What do we do with the electoral process

Four years ago, November 8th,2016, Donald Trump was elected President of the United States by a majority of the citizens in a majority of the states. On November 9th,2016 The mainstream media and the Democratic National Committee began a full court press to reverse the results in some form or another. Most of the attacks on the legitimacy of the election centered around the belief that the Russian government had some how manipulated the American electorate to get Trump elected. We now know this to be a complete fabrication on the part of the DNC and the media and a less then unbiased FBI. Recent reporting shows that most of those agents who were in fact doing the investigation indicated early on that there was nothing to the allegations. Regardless, a well intrenched bureaucracy continued to push forward knowing the only outcome would be to weaken the administration.

Today we are faced with another disputed election. Unlike 2016 however, the fight is over election irregularities in several key states. To be honest there are likely irregularities in every election, so the question is do the irregularities we see on this election cycle substantially exceed the norm. In order to answer the question, we must first except the premise that there are in fact problems with every election. What is the history of miscounts and potential fraud? There are several times in recent history that fraud has been alleged in the US. This is not a Trump invention. Going back to the 2000 elections we can quote a research paper from Johns Hopkins: “The 2000 Presidential election, and the bitter, 36-day fight that followed over the pivotal state of Florida, opened the eyes of many Americans to a reality they had, up that point, largely chosen to ignore: that their electoral system was-in at least some parts of the country-decrepit, poorly managed, lacking transparency, or clear procedural rules, and prone to corruption, political manipulation, and outright fraud.” [i]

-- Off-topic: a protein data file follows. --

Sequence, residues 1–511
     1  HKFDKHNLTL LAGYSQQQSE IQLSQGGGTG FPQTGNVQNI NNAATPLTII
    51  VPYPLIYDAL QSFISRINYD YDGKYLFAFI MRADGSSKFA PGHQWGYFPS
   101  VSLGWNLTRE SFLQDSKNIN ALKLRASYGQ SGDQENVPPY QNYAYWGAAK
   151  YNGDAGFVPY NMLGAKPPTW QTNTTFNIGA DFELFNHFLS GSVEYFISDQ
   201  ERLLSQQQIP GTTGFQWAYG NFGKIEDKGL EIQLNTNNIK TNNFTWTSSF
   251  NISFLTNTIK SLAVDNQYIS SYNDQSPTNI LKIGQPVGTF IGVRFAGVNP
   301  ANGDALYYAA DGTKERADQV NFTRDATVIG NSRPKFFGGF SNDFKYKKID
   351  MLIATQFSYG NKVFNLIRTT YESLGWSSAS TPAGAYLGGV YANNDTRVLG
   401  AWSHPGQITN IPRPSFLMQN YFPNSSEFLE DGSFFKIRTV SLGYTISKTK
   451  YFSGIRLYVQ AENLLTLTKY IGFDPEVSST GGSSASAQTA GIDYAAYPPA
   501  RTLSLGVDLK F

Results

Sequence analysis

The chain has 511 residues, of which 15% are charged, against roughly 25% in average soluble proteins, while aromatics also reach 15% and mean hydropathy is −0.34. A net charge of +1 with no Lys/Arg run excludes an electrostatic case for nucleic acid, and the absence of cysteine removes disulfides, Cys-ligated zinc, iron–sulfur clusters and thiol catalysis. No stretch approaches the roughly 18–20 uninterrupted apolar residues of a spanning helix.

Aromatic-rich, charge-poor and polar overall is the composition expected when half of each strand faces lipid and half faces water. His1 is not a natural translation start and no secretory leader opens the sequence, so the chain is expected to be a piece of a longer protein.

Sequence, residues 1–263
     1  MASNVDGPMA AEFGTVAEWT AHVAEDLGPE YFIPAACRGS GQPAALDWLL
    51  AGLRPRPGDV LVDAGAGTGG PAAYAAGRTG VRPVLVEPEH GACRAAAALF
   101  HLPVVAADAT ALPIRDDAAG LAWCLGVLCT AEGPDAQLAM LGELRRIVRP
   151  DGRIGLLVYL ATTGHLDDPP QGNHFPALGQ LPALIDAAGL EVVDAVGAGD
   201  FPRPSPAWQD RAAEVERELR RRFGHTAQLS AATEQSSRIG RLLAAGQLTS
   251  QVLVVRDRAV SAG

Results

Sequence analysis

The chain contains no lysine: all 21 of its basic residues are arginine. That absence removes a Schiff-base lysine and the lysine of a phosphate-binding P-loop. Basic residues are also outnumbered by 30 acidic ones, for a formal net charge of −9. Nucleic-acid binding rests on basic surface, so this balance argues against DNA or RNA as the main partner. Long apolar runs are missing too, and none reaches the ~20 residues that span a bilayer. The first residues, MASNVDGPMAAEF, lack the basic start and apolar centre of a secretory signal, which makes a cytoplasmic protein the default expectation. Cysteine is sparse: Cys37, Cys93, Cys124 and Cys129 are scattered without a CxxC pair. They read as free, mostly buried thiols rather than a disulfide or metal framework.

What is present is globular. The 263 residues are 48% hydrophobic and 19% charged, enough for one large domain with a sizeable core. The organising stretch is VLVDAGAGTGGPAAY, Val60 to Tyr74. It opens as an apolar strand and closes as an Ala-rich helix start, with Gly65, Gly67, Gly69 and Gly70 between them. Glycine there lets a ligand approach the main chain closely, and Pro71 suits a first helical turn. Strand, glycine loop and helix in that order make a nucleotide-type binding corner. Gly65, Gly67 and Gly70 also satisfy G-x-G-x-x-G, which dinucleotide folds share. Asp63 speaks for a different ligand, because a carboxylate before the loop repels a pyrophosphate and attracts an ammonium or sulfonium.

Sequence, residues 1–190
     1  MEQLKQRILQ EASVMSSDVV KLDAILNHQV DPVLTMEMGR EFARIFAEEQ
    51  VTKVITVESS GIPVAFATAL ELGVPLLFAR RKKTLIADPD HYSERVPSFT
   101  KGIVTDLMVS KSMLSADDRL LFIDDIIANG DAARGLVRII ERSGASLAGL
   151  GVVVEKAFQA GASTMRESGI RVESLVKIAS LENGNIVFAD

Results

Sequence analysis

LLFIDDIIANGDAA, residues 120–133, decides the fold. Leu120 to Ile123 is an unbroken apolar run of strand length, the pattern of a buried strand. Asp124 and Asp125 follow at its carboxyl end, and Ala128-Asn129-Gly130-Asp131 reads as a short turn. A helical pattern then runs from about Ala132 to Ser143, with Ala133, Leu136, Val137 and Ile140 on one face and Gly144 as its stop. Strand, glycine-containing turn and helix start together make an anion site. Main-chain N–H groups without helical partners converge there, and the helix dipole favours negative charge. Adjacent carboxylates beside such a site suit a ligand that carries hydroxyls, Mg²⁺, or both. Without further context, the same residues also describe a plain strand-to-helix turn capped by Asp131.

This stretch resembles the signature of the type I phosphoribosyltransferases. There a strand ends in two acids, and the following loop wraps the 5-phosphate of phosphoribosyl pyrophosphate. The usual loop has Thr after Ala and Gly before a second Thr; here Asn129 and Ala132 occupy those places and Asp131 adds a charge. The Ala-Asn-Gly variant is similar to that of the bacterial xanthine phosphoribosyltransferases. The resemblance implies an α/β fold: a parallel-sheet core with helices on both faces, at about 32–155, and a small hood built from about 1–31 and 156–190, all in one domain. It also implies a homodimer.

We have heard several times from those whose responsibility it is to make sure the elections are fair that this past election was the most secure in the nation’s history. We have learned much in the ensuing 20 years but that does not mean that the corrections made ensure a fair election. After 2016 following allegations of Russian interference many states changed from straight forward computer voting machines to paper ballots which were then scanned into a machine for counting. These scanners by the way are computers in their own right. But have we made the system any more secure?

To ignore all the allegations of fraud and manipulation will lead the not administration into the same worm hole as the unfounded allegations from 2016. It is highly unlikely that there will be enough fraud found to offset the projected result that Joe Biden won, but the possibility exists. We owe it to the nation and ourselves to do a through and compete investigation and not just dismiss the numerous claims and allegations, some of which are likely true.

This will not stop many of disagreeing, as many still believe the Russian conspiracy story, but it will help reduce the political machinations that will follow. It will not be good for the country to go through what it has for the last four years. Regardless of who is ultimately declared the winner they must be allowed to govern.


[i] Gumbel, A. (2008). Election Fraud and the Myths of American Democracy. Social Research, 75(4), 1109-1134. Retrieved November 18, 2020, from http://www.jstor.org/stable/40972109

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